A degree in anthropology prepares students for a wide range of professional and postgraduate opportunities. That's because a degree in anthropology is a degree in people. It's a degree that focuses on cultural diversity (past and present), on human experience, and on the inner workings of human social institutions. Anthropology provides analytical skills and organizational perspectives that equip students for survival and success in the job market.
Anthropology graduates may choose from a broad range of career possibilities. While many graduates are employed as cultural anthropologists or archaeologists, others use their anthropological skills in a variety of professions. At the moment the job market for anthropologists is expanding. For example, there are many openings for archaeologists at all levels in both government organizations and private environmental monitoring companies.
Graduates contemplating careers in college teaching and in senior positions in cultural resource management are normally required to have at least a master's degree. For university teaching, a Ph.D. is usually required.
The following list illustrates just some of the available career opportunities:
- Archaeologist -- State and Federal Agencies: For example, National Forest Service, Bureau of Land Management, California State Parks, California State Department of Water Resources, National Parks Service, Soil Conservation Service, Army Corps of Engineers, Caltrans.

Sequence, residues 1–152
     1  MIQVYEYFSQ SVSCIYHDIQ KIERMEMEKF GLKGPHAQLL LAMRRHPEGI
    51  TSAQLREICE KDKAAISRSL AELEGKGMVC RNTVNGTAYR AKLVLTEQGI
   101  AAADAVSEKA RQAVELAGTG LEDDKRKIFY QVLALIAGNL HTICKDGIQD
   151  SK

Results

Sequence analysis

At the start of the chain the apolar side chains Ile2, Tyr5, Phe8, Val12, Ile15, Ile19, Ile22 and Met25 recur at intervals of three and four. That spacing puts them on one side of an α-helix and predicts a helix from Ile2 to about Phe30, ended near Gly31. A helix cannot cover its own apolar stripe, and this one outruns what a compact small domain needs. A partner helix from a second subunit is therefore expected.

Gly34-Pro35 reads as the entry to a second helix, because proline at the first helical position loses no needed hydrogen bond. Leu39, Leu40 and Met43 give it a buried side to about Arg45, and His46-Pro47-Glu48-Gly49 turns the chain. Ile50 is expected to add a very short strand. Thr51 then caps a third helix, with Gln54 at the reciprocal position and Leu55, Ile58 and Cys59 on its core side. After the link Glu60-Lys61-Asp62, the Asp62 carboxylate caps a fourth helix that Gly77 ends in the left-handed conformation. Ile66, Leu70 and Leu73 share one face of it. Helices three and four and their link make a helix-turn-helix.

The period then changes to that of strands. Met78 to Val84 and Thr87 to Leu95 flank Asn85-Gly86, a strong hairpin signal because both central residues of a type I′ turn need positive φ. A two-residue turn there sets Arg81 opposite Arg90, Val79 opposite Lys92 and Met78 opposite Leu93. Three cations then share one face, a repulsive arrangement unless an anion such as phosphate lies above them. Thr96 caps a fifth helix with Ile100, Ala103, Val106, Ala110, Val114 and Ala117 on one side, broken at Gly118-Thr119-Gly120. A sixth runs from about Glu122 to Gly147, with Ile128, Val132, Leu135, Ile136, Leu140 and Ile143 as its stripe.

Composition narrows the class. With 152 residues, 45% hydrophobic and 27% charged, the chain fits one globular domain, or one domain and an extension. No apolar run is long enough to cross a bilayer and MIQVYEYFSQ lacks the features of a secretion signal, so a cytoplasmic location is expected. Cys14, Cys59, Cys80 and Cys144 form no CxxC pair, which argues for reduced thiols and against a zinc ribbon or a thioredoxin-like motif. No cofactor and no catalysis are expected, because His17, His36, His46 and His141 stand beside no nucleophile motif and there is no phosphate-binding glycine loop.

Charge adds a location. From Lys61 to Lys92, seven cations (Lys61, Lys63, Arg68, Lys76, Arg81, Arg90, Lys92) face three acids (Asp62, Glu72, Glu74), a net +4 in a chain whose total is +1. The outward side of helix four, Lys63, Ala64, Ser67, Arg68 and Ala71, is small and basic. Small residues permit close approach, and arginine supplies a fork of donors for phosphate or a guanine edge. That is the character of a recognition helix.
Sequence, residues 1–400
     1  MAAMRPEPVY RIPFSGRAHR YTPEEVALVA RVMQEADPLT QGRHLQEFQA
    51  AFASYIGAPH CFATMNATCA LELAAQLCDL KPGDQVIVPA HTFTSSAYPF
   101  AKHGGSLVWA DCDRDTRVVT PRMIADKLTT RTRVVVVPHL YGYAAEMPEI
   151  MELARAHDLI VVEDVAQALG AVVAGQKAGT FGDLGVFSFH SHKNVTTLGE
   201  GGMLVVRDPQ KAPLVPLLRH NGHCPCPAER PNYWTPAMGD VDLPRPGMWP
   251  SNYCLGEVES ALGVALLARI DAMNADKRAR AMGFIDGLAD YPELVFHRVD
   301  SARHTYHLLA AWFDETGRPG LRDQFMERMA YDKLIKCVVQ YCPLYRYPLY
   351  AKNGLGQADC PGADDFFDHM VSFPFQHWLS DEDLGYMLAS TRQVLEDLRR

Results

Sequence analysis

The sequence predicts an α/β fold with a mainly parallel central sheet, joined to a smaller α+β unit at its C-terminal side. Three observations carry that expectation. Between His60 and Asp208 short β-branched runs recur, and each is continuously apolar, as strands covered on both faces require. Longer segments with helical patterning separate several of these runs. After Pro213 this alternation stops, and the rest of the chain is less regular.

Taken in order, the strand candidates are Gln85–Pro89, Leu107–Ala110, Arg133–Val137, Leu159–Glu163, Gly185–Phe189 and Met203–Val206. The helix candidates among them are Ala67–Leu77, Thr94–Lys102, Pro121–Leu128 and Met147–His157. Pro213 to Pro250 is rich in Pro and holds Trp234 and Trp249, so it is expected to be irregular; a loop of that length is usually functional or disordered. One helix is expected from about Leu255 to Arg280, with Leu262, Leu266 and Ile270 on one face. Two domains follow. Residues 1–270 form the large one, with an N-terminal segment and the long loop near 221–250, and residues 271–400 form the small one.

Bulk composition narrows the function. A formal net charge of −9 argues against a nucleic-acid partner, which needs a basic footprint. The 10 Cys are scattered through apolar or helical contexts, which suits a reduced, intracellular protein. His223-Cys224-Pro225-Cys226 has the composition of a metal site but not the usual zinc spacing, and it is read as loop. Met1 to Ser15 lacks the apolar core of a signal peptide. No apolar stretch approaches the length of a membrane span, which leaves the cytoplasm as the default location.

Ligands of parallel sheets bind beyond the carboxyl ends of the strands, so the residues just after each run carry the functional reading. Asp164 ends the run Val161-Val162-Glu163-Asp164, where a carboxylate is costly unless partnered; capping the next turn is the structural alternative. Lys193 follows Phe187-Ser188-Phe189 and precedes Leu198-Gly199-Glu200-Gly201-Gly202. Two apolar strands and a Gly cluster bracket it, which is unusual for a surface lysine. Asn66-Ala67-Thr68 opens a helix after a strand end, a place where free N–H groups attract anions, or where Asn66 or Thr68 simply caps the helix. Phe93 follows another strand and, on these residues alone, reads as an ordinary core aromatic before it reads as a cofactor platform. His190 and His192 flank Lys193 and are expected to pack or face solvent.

- Archaeologist -- Private industry: Cultural resource management consultants; environmental impact assessment and environmental monitoring firms.
- Anthropologists (including archaeology) -- Governmental and other organizations: For example, U.S. Peace Corps; United Nations; Aid organizations; U.N. High Commission for Refugees; Bureau of Indian Affairs; California Youth Authority; state tourist authorities.
- Anthropologists (including archaeology) -- Museum curators and directors.
- Anthropologists (including archaeology) -- Teaching at high schools and community colleges.
Anthropology careers are as varied as the individual's chosen area of expertise within the major, some of which may require cross-disciplinary training: For example, psychological anthropologists, medical anthropologists, economic anthropologists, legal anthropologists and so on. Applied cultural anthropologists work in related careers in international businesses, multinational organizations, government departments, non-government organizations, medical and health settings, legal and criminal justice settings, educational settings, environmental agencies, political anthropology, and media-related settings.